Activists in Ukraine have started using 3D scanning to create digital copies of the country’s heritage sites at risk of being destroyed by Russian forces.
With Russian bombing having leveled parts of cities like Mariupol and Kharkiv, Ukrainian volunteers are now on the move to immortalize the nation’s landmarks before they suffer the same fate. As part of the Backup Ukraine initiative, some 6,000 users have already used a mobile scanning app to archive 3D models of historical monuments and sites, in a way that protects them for future generations.
“With this technology, ordinary citizens have the ability to literally create a digital backup of their cultural heritage on a level far beyond anything that was possible just a few years ago,” said Tao Thomsen, co-creator of Backup. Ukraine, told Business Insider. “Seeing it in front of your eyes is almost like you can touch it. I think it gives a much stronger emotional impact than just seeing the images.
“We are studying how we can also use it as an educational tool. How can we use this to create empathy, not just in Ukraine, but in all countries of the world? »
The cultural cost of the Russian war
Under the 1954 Hague Convention, heritage sites are considered civilian in nature and as such countries at war are required to avoid deliberately damaging them or using them for military purposes. These rules were reinforced by a UN resolution in 2017, which made the destruction of such monuments a war crime, after a series of UNESCO World Heritage sites were obliterated by the state. Islam in Iraq and Syria.
Yet despite the rules introduced to protect these sites, there is evidence to suggest that Ukraine’s security is not being respected by advancing Russian forces. Not only has Russia engaged in indiscriminate bombing since the start of its invasion, it has reportedly begun to “Russify” the occupied territories, amid President Putin’s claims that Ukrainian history is not separate and deserves to be protected.
UNESCO also managed to quantify this destruction, announcing that 29 religious sites, 16 historic buildings, four museums and four monuments in Ukraine were razed or partially destroyed in March 2022 alone. The destruction of these sites, which included the Holocaust Memorial Center near Kharkiv, has since sparked an international effort to help protect Ukraine’s remaining artifacts.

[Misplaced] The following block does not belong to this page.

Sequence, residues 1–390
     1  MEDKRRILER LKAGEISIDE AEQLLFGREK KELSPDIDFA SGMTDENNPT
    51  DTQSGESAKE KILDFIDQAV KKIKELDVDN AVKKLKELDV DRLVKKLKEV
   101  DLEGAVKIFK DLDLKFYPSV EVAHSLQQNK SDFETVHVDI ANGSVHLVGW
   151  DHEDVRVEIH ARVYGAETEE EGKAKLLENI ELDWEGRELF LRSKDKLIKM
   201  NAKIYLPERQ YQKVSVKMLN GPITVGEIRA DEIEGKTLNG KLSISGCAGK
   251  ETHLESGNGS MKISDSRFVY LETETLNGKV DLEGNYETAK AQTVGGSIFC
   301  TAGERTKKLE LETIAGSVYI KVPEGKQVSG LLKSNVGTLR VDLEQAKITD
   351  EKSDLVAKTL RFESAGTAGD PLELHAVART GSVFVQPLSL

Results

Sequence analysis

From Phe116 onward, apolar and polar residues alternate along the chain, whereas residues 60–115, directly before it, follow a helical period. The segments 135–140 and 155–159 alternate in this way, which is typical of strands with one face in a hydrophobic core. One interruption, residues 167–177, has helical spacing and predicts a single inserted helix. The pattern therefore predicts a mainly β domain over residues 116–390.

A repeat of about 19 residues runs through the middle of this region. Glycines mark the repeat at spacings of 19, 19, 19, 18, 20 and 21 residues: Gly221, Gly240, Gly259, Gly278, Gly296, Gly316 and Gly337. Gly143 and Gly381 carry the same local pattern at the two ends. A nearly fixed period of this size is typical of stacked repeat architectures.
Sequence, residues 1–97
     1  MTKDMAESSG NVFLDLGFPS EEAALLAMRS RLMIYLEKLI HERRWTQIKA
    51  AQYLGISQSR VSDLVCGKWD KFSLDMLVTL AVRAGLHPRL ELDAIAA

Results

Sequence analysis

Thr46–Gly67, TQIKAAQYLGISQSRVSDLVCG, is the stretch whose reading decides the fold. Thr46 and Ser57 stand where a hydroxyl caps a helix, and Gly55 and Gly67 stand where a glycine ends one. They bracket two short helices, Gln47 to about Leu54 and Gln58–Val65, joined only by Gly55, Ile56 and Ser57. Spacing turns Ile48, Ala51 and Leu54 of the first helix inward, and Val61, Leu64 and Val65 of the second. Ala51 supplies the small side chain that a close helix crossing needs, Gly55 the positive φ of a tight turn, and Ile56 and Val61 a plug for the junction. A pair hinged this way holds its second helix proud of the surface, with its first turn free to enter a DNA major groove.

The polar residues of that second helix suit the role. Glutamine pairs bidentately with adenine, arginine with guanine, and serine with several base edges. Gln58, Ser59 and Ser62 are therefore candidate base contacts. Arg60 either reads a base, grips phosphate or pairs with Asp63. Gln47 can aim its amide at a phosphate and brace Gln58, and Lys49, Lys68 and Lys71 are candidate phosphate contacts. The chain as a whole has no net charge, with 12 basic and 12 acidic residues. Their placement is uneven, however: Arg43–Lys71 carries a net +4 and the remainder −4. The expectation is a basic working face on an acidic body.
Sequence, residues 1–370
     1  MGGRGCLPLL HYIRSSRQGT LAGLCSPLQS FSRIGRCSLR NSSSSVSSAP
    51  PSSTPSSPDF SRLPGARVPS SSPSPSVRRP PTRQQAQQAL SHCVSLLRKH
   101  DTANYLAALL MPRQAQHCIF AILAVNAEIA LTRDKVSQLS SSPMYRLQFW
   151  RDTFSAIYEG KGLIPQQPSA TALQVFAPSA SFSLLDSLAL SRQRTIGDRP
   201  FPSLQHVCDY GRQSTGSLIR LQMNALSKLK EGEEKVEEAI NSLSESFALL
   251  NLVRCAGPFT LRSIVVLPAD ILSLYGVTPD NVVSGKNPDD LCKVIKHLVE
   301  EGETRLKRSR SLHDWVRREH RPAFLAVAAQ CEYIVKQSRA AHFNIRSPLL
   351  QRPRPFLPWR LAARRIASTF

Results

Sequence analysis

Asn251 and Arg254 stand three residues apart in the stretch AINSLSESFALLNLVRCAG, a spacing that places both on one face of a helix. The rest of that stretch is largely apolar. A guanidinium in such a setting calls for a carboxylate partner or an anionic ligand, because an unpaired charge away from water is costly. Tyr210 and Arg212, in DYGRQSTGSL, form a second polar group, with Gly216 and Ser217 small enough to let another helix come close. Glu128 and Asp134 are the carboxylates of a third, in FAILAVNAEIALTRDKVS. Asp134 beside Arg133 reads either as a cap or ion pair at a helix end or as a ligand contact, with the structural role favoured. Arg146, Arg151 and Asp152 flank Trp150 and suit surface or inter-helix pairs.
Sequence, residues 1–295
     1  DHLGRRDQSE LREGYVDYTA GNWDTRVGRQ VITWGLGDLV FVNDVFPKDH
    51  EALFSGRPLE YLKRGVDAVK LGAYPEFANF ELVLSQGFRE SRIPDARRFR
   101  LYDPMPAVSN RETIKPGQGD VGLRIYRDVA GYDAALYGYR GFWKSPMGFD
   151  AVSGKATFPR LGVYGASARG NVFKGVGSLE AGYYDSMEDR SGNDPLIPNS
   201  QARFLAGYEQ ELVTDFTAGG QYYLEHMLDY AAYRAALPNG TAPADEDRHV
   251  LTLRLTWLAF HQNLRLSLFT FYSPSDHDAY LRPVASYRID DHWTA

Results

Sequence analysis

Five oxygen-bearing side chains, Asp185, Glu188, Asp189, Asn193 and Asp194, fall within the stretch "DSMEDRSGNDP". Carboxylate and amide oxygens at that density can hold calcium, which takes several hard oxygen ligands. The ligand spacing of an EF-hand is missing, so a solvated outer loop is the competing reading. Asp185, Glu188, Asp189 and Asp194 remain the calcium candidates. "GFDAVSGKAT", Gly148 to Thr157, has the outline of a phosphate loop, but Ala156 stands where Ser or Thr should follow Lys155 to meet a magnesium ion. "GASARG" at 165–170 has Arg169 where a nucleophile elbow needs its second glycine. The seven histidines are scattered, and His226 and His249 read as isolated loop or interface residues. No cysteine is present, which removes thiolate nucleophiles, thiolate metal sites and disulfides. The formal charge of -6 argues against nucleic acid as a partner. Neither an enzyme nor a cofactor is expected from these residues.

“We must safeguard Ukraine’s cultural heritage,” declared Audrey Azoulay, Director-General of UNESCO, at the start of the war. “As a testimony to the past, but also as a catalyst for peace and cohesion for the future, which the international community has a duty to protect and preserve.
“Safeguarding” Ukrainian heritage sites
Having heard rumors that heritage sites had been destroyed during the war, Thomsen and his team concluded that Russia may be “deliberately destroying the material foundations of [Ukraine’s] culture”, which is why they took action. To prevent the country’s monuments from being permanently lost, Thomsen and co. have set up Backup Ukraine, an archive where volunteers can upload 3D models of themselves.
To make the initiative as accessible as possible to everyday Ukrainians, the organizers of Backup Ukraine built it around Polycam, a mobile LiDAR scanning app, which allows users to quickly create dimensionally accurate 3D models.
Initially, Thomsen says Ukrainians were reluctant to take the risk of going out to participate, but his team of contributors has now grown considerably from the 150 volunteers he started with. While the initiative started as a way to preserve cultural heritage, he adds that many users have started using it to document events on the ground and provide insight into war damage in Russia.
The initiative is carried out in collaboration with the Danish National Committee for UNESCO, Blue Shield Denmark, Polycam and Vice Media Group. For now, Backup Ukraine is only open to volunteers authorized by its organizers, who discourage contributors from scanning near conflict zones or without permission, but continue to enlist wherever they can.
People based in Ukraine and interested in contributing can learn more about Backup Ukraine here.
Archiving by 3D scanning
While Backup Ukraine is undoubtedly working for a worthy cause, it’s far from the first initiative to harness the power of 3D scanning for archival applications. In 2017, when the Islamic State was busy wreaking havoc in Syria and Iraq, the Dubai Future Foundation managed to 3D print replicas of artifacts destroyed by its forces.
On a larger scale, projects like Scan the World have also sought to make these artifacts accessible to everyone, creating an “open source museum” of downloadable, community-driven models. The group has built a free database of over 20,000 STL files so far, and it continues to grow, partnering with Google Arts & Culture to expand its collection of 3D printable art in July. from last year.
In fact, 3D printing of artifacts has become so commonplace that Cubicure has even developed an SLA 3D printable ivory substitute, which can be used to restore damaged historic objects. Thanks to its “Digory” material, researchers have already succeeded in repairing a 17th century coffin, without using real ivory.
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Featured image shows a bust being scanned using the Polycam app. Photo via Backup Ukraine.